Berkshire as Airline Bull, Not Bear, Validates Industry’s ShiftBy
Billionaire’s company buys shares after years of consolidation
American, Delta, United trying to leave boom-bust cycle behind
U.S. airlines have had trouble this year convincing investors that they’re leaving their boom-and-bust cycle behind. Now the industry has won over one of its biggest skeptics.
Berkshire Hathaway Inc.’s investment in the four biggest carriers ended years in which billionaire Chairman Warren Buffett derided the industry’s attractions. The company revealed stakes this week in American Airlines Group Inc., Delta Air Lines Inc., United Continental Holdings Inc. and Southwest Airlines Co., the remaining carriers after years of dealmaking that cut the number of major players by more than half.
Consolidation and falling jet-fuel prices pushed earnings at the six biggest U.S. airlines to a record $18.4 billion in 2015, the industry’s fourth straight year of profitability following a decade in which combined losses climbed to $53 billion. The turnaround prompted American’s chief executive officer, Doug Parker, to say the industry’s traditional boom-bust cycle is giving way to an era of steady returns.
“People still have the thought that you rent airlines, you don’t own them,” said Craig Hodges, CEO of Hodges Capital Management Inc., which has held airline shares since 2011. “Buffett is saying, ‘No, you own them.’ That’s a sea change in investor sentiment that’s just starting.”
The Bloomberg U.S. Airlines Index climbed 2 percent at the close in New York, continuing its longest winning streak since February. As of the end of last week, the index had declined slightly this year amid increased capacity of flights and seats and sustained declines in revenue for each seat flown a mile.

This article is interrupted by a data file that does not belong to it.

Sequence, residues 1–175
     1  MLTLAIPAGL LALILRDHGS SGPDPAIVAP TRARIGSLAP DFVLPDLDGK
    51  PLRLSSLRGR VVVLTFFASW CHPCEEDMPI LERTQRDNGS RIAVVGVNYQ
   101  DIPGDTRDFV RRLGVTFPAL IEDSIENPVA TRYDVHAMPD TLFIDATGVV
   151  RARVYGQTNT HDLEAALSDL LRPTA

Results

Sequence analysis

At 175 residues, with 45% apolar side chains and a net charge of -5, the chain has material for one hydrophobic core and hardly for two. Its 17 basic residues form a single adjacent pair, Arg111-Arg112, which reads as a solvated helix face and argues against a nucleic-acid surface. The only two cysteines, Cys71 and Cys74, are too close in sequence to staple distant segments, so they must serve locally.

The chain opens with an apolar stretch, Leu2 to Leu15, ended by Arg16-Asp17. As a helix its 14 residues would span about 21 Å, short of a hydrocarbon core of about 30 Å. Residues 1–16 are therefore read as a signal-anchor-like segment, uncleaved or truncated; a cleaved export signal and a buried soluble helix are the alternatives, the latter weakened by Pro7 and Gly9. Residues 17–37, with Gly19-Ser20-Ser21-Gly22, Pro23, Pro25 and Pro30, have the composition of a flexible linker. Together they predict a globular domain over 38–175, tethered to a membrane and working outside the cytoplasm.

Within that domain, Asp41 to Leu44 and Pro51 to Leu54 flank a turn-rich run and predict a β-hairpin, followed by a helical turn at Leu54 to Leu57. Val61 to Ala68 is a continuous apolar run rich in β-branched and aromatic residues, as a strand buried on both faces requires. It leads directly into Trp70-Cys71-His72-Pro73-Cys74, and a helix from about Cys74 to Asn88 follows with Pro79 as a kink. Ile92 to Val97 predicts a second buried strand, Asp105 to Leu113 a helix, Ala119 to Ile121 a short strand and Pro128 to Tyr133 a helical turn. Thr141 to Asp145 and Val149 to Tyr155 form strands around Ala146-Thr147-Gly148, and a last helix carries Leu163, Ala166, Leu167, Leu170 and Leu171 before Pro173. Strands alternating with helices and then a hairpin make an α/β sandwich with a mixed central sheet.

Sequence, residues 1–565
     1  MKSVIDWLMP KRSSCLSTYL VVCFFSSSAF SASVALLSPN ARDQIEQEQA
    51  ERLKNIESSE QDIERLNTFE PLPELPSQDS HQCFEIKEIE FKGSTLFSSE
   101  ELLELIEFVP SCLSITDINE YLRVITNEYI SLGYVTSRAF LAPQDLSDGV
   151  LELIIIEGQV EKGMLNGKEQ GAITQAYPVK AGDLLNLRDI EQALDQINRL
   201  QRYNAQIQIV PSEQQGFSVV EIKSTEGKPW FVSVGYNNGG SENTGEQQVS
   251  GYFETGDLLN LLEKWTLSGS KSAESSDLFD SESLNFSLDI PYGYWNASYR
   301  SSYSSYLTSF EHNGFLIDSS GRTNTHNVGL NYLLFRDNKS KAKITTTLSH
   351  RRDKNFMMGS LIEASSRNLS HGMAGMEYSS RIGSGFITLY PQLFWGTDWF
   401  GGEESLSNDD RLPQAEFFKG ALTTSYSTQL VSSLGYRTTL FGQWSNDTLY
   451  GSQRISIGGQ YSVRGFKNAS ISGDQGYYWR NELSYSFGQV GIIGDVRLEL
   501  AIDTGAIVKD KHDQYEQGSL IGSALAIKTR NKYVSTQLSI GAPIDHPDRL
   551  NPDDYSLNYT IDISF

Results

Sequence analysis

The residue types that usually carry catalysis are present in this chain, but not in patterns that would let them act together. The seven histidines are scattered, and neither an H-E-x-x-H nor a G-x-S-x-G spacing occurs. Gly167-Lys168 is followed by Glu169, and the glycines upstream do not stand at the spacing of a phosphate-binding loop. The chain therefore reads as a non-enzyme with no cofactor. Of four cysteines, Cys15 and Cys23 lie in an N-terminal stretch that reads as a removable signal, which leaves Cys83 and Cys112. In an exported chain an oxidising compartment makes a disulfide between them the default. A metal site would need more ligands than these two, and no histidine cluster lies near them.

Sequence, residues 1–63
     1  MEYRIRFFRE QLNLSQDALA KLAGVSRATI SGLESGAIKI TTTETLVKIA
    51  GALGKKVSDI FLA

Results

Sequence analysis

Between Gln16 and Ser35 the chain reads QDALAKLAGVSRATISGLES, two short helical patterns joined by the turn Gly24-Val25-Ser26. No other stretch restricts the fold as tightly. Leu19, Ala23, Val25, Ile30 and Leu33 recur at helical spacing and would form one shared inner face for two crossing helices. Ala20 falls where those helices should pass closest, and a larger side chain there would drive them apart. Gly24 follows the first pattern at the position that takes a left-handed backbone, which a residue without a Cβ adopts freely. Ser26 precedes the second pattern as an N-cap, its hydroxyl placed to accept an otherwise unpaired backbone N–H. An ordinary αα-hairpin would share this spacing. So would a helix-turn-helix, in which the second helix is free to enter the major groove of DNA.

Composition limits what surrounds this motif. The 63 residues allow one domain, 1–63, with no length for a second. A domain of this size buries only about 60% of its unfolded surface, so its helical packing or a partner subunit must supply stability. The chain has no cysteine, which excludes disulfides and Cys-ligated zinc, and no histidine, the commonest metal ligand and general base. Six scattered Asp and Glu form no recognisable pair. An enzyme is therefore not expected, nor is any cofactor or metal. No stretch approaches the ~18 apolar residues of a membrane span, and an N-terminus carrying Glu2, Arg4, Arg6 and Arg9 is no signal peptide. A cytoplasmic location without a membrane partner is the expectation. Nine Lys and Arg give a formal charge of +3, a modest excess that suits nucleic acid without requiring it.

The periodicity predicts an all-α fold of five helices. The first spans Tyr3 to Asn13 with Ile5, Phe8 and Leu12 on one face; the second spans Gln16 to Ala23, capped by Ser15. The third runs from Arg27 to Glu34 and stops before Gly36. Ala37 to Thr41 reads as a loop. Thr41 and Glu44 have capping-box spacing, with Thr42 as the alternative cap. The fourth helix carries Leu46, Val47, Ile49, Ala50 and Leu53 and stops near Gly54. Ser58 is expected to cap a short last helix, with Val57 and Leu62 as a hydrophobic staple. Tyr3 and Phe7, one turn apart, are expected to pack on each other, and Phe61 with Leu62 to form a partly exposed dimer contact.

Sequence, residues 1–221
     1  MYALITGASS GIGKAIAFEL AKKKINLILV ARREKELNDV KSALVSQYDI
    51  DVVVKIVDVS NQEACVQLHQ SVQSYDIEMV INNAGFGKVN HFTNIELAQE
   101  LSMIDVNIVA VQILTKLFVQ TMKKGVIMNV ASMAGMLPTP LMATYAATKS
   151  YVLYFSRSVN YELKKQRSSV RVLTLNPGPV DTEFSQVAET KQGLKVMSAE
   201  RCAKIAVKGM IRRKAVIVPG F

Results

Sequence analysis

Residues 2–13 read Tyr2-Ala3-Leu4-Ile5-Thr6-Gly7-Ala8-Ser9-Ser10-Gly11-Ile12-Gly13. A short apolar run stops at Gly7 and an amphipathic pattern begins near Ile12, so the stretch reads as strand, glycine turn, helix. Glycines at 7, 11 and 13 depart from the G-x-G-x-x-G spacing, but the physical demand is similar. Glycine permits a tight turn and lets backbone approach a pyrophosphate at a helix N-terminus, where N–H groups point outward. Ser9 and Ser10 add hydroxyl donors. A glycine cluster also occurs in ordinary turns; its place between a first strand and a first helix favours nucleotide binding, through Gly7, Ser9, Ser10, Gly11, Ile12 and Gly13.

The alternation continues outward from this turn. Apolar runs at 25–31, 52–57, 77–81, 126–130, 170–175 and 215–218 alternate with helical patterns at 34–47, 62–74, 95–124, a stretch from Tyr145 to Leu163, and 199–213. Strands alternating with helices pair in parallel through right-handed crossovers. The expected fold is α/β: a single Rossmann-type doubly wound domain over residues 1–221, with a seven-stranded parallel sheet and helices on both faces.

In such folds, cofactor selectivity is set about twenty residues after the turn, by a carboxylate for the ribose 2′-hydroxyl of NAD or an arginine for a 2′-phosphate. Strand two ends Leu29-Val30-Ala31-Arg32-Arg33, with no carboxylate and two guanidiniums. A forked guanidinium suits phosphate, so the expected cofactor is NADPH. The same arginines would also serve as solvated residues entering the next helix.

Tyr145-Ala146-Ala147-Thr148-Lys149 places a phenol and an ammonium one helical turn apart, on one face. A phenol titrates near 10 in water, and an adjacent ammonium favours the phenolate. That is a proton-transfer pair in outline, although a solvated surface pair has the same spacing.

‘Still a Skeptic’
Not everyone agrees that this time is different. While fundamentals for the industry look better now than they have in a long time, doubt remains about airlines’ ability to withstand a serious downturn, said Alan Bender, chairman of the social sciences and economics department at Embry-Riddle Aeronautical University.
“Long term, I am still a skeptic,” Bender said. “Given the history of the airline business, there have been periods where they looked pretty darn good and a few years later they were back in the dumps again. It would seem different this time, but I wouldn’t put all my chips on that.”
Buffett used to be a skeptic, too. He called the airline industry a “death trap for investors” according to a 2013 interview with TheStreet.com. More than a decade before that, the billionaire said he’d sworn off investing in carriers after lamenting the “mistake” of betting on USAir in 1989. He’s credited with saying if a capitalist had been at Kitty Hawk in the early 1900s “he should have shot Orville Wright. He would have saved his progeny money.”
United CEO Oscar Munoz, speaking Tuesday to investors and analysts in Chicago, called Berkshire “the anchor tenant,” and said its share purchase reflected faith in United and the overall industry.
In a statement Monday, Delta said it “welcomes new investors as we continue to build a model for sustainable, long-term success as a high-quality global company.” American said the investment “further reinforces our view that our industry has fundamentally changed in a profound and lasting way.”
Savanthi Syth, a Raymond James Financial Inc. analyst, echoed the opinion that Berkshire’s investment signals a belief that the industry can weather a downturn and provide stronger shareholder returns over an economic cycle.
“Moreover, it is likely to provide credibility to a potential re-rating of valuations closer to that of high-quality industrials in an era of stronger balance sheets and largely disciplined, through still highly competitive, behavior,” Syth said in a note to investors.
— With assistance by Michael Sasso
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